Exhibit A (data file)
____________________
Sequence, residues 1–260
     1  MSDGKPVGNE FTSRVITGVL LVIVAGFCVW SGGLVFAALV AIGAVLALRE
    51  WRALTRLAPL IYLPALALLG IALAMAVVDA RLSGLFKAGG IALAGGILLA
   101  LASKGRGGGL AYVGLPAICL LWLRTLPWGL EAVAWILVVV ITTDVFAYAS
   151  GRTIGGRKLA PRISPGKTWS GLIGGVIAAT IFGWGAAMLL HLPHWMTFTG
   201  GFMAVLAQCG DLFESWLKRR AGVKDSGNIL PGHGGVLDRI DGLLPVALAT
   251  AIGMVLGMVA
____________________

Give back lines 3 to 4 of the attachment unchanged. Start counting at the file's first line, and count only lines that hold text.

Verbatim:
    51  WRALTRLAPL IYLPALALLG IALAMAVVDA RLSGLFKAGG IALAGGILLA
   101  LASKGRGGGL AYVGLPAICL LWLRTLPWGL EAVAWILVVV ITTDVFAYAS